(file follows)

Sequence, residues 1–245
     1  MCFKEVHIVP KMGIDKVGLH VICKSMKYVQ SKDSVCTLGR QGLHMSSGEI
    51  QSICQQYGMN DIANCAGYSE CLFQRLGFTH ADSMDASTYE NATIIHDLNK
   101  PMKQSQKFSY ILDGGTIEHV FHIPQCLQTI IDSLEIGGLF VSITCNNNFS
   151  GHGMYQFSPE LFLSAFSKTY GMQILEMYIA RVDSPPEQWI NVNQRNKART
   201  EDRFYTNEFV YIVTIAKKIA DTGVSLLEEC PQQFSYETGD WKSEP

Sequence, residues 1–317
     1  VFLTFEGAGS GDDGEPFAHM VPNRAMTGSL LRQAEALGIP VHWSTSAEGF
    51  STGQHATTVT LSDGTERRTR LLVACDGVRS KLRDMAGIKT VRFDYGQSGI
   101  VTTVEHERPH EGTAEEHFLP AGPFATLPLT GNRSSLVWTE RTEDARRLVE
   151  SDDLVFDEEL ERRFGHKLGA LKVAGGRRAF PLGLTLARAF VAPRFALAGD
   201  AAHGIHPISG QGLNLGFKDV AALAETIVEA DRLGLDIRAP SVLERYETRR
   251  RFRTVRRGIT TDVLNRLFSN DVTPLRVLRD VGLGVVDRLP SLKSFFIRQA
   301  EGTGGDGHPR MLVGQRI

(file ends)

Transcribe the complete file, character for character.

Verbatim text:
Sequence, residues 1–245
     1  MCFKEVHIVP KMGIDKVGLH VICKSMKYVQ SKDSVCTLGR QGLHMSSGEI
    51  QSICQQYGMN DIANCAGYSE CLFQRLGFTH ADSMDASTYE NATIIHDLNK
   101  PMKQSQKFSY ILDGGTIEHV FHIPQCLQTI IDSLEIGGLF VSITCNNNFS
   151  GHGMYQFSPE LFLSAFSKTY GMQILEMYIA RVDSPPEQWI NVNQRNKART
   201  EDRFYTNEFV YIVTIAKKIA DTGVSLLEEC PQQFSYETGD WKSEP

Sequence, residues 1–317
     1  VFLTFEGAGS GDDGEPFAHM VPNRAMTGSL LRQAEALGIP VHWSTSAEGF
    51  STGQHATTVT LSDGTERRTR LLVACDGVRS KLRDMAGIKT VRFDYGQSGI
   101  VTTVEHERPH EGTAEEHFLP AGPFATLPLT GNRSSLVWTE RTEDARRLVE
   151  SDDLVFDEEL ERRFGHKLGA LKVAGGRRAF PLGLTLARAF VAPRFALAGD
   201  AAHGIHPISG QGLNLGFKDV AALAETIVEA DRLGLDIRAP SVLERYETRR
   251  RFRTVRRGIT TDVLNRLFSN DVTPLRVLRD VGLGVVDRLP SLKSFFIRQA
   301  EGTGGDGHPR MLVGQRI